Clogged Ducts

#baby #breastfeeding #breastfeedingeducation #ibclc #lactation #lactationsupport #parentingsupport Mar 14, 2022
Breastfeeding clogged duct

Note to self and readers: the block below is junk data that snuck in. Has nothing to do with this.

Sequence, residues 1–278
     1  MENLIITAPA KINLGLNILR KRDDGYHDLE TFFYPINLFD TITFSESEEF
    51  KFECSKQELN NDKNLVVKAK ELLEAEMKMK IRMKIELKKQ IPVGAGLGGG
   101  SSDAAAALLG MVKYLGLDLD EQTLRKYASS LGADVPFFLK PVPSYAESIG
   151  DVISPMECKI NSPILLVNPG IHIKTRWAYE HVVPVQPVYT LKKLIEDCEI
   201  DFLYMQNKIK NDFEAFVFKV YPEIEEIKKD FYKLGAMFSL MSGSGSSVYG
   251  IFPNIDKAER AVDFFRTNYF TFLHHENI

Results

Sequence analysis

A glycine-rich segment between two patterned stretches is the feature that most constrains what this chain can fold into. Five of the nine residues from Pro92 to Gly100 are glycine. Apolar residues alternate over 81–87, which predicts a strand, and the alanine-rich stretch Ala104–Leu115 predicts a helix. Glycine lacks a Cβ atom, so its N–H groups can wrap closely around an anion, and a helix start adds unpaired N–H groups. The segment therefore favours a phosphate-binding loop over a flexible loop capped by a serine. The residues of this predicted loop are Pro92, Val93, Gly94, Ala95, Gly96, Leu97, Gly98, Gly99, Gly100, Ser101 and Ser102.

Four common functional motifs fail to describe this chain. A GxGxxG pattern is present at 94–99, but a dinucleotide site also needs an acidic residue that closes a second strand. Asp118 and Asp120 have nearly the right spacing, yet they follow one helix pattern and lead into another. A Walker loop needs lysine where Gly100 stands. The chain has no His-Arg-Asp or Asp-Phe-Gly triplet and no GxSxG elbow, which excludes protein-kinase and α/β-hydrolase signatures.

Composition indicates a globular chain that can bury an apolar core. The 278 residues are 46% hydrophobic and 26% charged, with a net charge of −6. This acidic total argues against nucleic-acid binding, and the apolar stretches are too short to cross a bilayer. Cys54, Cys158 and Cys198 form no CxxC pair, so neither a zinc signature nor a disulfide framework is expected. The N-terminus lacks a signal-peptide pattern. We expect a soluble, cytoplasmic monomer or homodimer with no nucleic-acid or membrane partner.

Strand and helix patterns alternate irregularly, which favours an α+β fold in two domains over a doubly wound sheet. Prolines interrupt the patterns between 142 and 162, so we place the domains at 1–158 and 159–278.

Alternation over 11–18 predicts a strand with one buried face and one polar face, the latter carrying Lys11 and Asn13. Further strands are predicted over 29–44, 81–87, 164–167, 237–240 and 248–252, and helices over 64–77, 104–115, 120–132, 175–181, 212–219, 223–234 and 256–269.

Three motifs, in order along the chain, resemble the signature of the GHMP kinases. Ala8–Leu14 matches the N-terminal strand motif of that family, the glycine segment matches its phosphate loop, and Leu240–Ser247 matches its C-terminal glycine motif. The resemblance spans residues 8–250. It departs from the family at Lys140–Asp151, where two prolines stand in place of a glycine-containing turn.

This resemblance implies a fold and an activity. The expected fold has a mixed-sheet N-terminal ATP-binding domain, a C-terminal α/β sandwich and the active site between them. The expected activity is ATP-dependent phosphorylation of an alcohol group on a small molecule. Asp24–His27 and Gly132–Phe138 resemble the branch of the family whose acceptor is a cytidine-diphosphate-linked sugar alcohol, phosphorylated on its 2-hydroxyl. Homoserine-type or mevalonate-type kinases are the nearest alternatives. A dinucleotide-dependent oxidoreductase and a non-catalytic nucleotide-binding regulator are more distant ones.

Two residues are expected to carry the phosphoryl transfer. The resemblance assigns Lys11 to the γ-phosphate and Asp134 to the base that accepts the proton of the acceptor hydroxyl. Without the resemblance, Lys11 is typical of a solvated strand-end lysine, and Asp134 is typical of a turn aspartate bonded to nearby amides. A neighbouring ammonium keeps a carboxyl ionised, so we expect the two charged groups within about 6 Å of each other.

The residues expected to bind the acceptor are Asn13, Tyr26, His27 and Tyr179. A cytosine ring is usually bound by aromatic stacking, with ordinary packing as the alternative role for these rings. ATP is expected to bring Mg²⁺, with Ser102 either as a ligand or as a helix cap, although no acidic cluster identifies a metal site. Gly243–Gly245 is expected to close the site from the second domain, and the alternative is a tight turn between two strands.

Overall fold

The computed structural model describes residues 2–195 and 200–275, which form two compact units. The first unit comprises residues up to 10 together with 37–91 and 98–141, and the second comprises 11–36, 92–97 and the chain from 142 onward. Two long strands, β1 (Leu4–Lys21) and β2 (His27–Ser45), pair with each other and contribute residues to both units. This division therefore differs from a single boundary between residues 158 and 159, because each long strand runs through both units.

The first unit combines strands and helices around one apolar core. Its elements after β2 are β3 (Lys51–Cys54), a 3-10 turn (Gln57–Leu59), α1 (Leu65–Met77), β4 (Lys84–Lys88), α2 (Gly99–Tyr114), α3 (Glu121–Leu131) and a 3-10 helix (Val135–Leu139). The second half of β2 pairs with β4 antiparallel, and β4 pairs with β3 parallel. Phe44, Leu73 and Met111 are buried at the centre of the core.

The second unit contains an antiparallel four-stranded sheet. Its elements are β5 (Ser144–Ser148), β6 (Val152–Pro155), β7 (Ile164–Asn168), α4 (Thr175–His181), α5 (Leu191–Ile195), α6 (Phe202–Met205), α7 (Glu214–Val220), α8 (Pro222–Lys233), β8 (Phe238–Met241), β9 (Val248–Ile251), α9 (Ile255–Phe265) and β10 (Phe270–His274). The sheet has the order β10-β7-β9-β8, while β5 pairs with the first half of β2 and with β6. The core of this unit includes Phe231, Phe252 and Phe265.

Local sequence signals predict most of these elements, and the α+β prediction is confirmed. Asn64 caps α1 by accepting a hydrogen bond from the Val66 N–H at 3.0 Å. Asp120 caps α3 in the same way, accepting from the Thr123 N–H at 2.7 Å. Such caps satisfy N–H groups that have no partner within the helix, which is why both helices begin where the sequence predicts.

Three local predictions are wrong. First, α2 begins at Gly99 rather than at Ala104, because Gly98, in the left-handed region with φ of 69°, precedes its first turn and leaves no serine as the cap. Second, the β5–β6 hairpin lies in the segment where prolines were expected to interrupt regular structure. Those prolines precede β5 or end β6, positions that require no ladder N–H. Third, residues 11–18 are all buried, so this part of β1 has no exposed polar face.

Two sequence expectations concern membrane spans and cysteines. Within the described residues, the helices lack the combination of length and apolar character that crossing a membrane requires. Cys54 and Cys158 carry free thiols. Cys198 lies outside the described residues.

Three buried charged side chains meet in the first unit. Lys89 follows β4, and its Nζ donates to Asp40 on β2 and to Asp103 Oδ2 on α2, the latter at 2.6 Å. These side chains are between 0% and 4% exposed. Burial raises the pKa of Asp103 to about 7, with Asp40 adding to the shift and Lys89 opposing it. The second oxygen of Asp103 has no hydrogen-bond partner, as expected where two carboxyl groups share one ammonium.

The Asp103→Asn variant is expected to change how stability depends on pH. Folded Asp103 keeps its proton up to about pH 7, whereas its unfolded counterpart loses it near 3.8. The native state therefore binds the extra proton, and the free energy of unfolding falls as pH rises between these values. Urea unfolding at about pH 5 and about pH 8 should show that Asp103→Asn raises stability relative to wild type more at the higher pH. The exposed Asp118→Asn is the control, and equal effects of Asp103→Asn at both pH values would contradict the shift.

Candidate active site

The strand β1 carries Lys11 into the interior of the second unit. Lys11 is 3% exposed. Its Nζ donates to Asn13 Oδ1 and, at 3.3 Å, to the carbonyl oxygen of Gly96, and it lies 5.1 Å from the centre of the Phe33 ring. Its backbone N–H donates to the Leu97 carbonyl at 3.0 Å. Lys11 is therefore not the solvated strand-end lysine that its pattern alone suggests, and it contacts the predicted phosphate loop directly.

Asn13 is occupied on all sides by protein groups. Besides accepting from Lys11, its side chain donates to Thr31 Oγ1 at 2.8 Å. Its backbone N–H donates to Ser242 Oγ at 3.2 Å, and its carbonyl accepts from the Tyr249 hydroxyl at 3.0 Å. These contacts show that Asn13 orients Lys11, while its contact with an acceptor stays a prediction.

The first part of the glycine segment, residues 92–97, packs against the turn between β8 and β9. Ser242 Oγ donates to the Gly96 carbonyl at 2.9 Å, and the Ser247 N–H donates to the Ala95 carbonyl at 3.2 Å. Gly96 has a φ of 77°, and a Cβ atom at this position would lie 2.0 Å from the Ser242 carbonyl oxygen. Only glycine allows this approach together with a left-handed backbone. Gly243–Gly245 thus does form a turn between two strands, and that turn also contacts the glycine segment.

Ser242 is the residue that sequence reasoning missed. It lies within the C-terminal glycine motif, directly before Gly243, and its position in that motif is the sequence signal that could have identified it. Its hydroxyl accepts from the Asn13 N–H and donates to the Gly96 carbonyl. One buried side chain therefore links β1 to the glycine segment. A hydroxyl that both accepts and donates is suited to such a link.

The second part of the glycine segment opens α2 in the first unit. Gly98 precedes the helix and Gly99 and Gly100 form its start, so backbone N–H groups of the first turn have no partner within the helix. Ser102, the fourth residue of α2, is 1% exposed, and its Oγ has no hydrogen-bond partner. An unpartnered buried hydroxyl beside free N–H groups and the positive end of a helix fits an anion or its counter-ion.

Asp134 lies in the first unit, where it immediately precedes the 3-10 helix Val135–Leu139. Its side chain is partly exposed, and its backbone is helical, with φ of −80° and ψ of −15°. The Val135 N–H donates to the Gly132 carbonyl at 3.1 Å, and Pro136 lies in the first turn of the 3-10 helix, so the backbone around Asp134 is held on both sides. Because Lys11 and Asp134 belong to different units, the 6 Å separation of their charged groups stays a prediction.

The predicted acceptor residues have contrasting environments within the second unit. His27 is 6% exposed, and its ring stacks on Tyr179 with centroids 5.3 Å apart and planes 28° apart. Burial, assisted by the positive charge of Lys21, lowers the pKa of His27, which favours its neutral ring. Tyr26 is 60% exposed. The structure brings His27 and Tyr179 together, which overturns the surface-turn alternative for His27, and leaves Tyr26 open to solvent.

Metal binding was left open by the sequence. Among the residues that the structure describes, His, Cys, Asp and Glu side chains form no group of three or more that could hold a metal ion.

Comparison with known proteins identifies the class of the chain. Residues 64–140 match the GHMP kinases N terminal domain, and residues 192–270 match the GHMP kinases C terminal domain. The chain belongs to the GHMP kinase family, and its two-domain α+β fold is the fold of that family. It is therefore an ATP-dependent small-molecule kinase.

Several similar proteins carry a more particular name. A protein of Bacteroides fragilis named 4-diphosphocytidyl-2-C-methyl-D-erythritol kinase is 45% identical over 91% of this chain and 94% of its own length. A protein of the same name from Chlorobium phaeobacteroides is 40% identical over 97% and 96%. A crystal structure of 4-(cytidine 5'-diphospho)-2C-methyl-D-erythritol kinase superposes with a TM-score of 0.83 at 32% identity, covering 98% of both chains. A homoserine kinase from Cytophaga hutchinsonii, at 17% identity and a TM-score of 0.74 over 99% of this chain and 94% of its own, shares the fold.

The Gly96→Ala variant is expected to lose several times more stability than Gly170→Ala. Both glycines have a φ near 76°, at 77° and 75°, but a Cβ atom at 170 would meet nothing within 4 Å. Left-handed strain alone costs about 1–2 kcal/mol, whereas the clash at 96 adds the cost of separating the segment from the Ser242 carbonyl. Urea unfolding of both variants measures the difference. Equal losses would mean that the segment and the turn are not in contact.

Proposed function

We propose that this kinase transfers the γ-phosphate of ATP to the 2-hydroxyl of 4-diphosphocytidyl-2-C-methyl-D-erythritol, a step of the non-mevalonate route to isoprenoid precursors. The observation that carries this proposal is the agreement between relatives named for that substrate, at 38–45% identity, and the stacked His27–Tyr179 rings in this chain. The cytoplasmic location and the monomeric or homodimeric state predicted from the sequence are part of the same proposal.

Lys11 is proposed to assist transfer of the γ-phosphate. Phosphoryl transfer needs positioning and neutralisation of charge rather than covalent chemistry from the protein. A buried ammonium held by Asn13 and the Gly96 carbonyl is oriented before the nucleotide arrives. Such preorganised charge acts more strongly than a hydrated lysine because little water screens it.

A clogged or plugged duct is a blockage of milk flow in a portion of the breast. It can either be in the nipple or further back in the breast. There are different types of clogs and can present in different areas too. One area this can happen is in the nipple pore. This would be either in the nipple or at the surface of the nipple and it could be a bleb or a blister. A bleb is a milk filled bubble typically at the tip of the nipple where the milk is clogged. A milk bleb/ blister, or blocked nipple pore, is simply “milk under the skin.” It can happen when a tiny bit of skin grows over a milk duct opening and milk backs up behind it. A milk blister usually shows up as a painful white, clear or yellow dot on the nipple or areola, and it can be very painful. A clogged duct usually happens gradually and will create a lump in the area that is tender to touch and sometimes can create a red spot. This typically occurs on one breast and happens after you've been engorged, went very long between feedings, or gave a bottle in replace of a feeding.  It can be painful before trying to drain and then less painful after. Ideally the best way to prevent a clogged duct is to breastfeed consistently and properly. This means, breastfeeding the baby on Q and not skipping any feedings especially in the first few weeks. The first 6-8 weeks is when your body is still adjusting and regulating with your baby's schedule. Focusing on establishing a good supply, a good schedule and breastfeeding relationship is very important. The best way to manage a clogged duct is to keep nursing! Draining the breast will help keep the flow going. Soaking the affected breast in hot water will help soften the breast tissue and help open the ducts. Using hand massage in the water will help get it moving. You can soak in a deep plastic bowl or mixing bowl, really whatever you can submerge the breast in. You can take a hot shower as well but typically, submerging the breast seems to be more effective. Doing this before each feeding and using massage will help get the clog drained. Another way to help get the clog moving is by warm castor oil on the effected spot with massage. Using a Haakaa on the opposite side when your nursing can also help to drain the breast and essentially draw out the clog too. It's important to work on the clog immediately so that it does not turn into an infection. Ideally, when you address the issue right away and consistently the breast will feel soft and should not feel any pain.There should be relief within a few days and should not have any other symptoms present. There are some homeopathic or herbal supplements that can be used during this time but should always be recommended by an IBCLC before using. If a clogged duct is left untreated or not properly drained, then it can become infected. This can lead to Mastitis, which is inflammation and infection of the breast. These conditions happen most often in the first six to eight weeks postpartum, but can occur at any time during breastfeeding. Mastitis infection can begin with the same symptoms of a clogged duct however, the pain/heat/swelling is usually more intense. There may be red streaks on the breast extending outward from the affected area. Typical symptoms also include, fever of 101.3°F (38.5°C) or greater, chills and flu-like body aches. If at any point you feel it's mastitis then your health care provider must be notified as you will likely need antibiotics for the infection. Clogged ducts can reoccur so being proactive with properly draining the breast and feeding the baby is crucial to help prevent it. Other ways to prevent, is by wearing a supportive nursing bra that is not tight or constrictive or has underwire. Making sure you have a good latch for the baby to drain milk well and ensuring your pump flange is the correct size to also drain milk is key. If any complications occur during breastfeeding it's always important to reach out to an IBCLC as soon as possible. The sooner you get help the sooner you can enjoy nursing your baby.